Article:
On top of their three first round picks, their other notable selection was UConn’s Saniya Chong in the third round. Chong is obviously someone who knows how to win, after all she only lost two games in her college career. While Dallas is set at point guard position with Skylar Diggins-Smith as their starter, I wouldn’t be surprised to see Chong contribute as a role player.

And now, on to the team that has had possibly the most discussion during this off-season: the Chicago Sky.

The Sky came away with Alaina Coates at the No. 2 pick. Coates is a player who has the ability to make an impact as soon as she is integrated into the offense. I think the gamble for Chicago here is how soon/well her ankle will heal following surgery. If all goes according to plan, they will have one of the most effective high-low players the game has to offer.

Another surprise came when the Sky drafted Michigan State guard Tori Jankoska at nine. With Cappie Pondexter, Allie Quigley and Courtney Vandersloot on the roster, it’s unclear to me how effective Jankoska will be immediately.

Another questionable pick for me came when they drafted Chantel Osahor in the second round. Osahor dropped a lot further than I thought, (I legitimately thought she had a chance to go in the first round based on her 15.3 rpg average) but with Coates as well as Stefanie Dolson, it's unclear how Osahor will fit on this team; in fact, it might be a struggle for her to make the roster given that the other centers on the team are a lot quicker than her in the full court.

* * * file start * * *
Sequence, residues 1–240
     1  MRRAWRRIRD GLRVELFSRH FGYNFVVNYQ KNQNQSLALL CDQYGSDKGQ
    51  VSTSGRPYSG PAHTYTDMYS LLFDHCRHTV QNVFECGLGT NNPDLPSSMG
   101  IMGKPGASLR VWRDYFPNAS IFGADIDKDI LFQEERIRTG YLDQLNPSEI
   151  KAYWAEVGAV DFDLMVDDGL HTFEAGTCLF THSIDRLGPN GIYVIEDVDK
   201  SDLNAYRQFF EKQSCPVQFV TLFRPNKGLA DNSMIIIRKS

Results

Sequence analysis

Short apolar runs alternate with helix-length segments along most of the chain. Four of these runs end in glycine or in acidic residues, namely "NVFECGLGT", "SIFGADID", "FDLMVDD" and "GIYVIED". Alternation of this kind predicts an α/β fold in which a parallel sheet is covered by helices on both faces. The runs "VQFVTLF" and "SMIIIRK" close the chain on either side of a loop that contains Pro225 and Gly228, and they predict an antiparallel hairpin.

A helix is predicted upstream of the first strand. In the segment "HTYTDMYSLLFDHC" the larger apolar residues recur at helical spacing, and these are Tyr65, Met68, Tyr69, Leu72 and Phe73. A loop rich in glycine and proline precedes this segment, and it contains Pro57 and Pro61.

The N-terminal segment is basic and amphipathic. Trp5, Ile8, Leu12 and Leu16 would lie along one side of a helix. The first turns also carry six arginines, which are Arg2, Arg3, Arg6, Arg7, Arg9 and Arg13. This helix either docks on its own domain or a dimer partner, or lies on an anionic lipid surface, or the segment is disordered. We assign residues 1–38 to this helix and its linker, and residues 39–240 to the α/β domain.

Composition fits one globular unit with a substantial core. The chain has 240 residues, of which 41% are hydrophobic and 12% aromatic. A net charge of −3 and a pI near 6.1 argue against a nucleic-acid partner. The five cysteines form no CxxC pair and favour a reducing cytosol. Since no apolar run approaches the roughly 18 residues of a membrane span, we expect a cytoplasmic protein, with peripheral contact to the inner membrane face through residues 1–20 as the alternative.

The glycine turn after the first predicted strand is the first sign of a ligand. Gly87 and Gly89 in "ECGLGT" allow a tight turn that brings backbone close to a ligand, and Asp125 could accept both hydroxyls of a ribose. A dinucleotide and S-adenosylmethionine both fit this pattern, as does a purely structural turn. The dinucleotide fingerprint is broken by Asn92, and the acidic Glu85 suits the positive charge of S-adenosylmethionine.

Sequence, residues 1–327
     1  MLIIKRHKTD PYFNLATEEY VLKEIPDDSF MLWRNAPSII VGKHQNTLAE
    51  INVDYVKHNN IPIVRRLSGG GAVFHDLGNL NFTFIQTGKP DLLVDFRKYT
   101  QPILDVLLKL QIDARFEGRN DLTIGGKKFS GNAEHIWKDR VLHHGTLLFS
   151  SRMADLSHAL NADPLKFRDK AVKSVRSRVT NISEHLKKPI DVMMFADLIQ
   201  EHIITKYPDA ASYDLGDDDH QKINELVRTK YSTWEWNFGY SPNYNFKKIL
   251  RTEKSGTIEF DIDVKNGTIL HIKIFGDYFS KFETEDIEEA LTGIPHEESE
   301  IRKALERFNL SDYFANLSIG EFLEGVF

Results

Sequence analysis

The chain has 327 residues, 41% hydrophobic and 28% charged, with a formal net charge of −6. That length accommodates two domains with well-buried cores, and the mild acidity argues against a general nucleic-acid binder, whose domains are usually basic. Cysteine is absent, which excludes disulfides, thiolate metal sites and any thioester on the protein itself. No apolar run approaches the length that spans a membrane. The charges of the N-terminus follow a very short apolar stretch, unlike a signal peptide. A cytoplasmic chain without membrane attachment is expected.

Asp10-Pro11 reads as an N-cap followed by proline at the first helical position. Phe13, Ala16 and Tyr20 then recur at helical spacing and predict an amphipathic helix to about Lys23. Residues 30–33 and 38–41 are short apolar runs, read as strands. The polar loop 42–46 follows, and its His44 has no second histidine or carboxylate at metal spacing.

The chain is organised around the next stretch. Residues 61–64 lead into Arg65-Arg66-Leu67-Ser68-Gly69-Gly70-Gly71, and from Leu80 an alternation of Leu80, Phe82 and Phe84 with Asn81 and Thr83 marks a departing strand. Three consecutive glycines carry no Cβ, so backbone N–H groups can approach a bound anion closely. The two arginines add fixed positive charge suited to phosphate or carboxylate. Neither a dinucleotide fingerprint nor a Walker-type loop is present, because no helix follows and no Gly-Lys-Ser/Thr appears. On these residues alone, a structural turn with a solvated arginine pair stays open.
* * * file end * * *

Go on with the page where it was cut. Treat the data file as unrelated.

My last big observation of the night comes from the Washington Mystics first round pick. Shatori Walker-Kimbrough is a steal for them in the six spot. There were times this season when I thought Walker-Kimbrough could go as high as two.

With the additions of Elena Delle Donne and Kristi Toliver, I have written about the type of basketball Washington is looking to play: fast. Walker-Kimbrough fits the bill. Maryland loved to get out in transition and run with her at the helm.

Walker-Kimbrough wasn’t their primary point guard, but she has the mentality of one as far as knowing how all the moving parts work and pushing the offense to move as fast as possible while still being effective. She also knows how to score the ball and averaged 19 ppg in her final season.

Walker-Kimbrough will also have the added benefit of learning from Toliver and Tayler Hill about what it takes to be a successful guard at the next level. Basketball fans in the DMV area should be glad that they will get to watch SWK develop in her professional career.

Finally some stray observations:

-It was a good move for the Sparks to draft Sydney Wiese at 11. The Sparks will need some help when it comes to three-pointers now that Toliver is gone, and Wiese averaged 41 percent.

-With the addition Maryland’s Brionna Jones, the Connecticut Sun will now have three talented young post players (the other two being Jonquel Jones and Chiney Ogwumike). I was surprised Jones was still around at eight, but she will be a welcome addition on the offensive end for the Sun.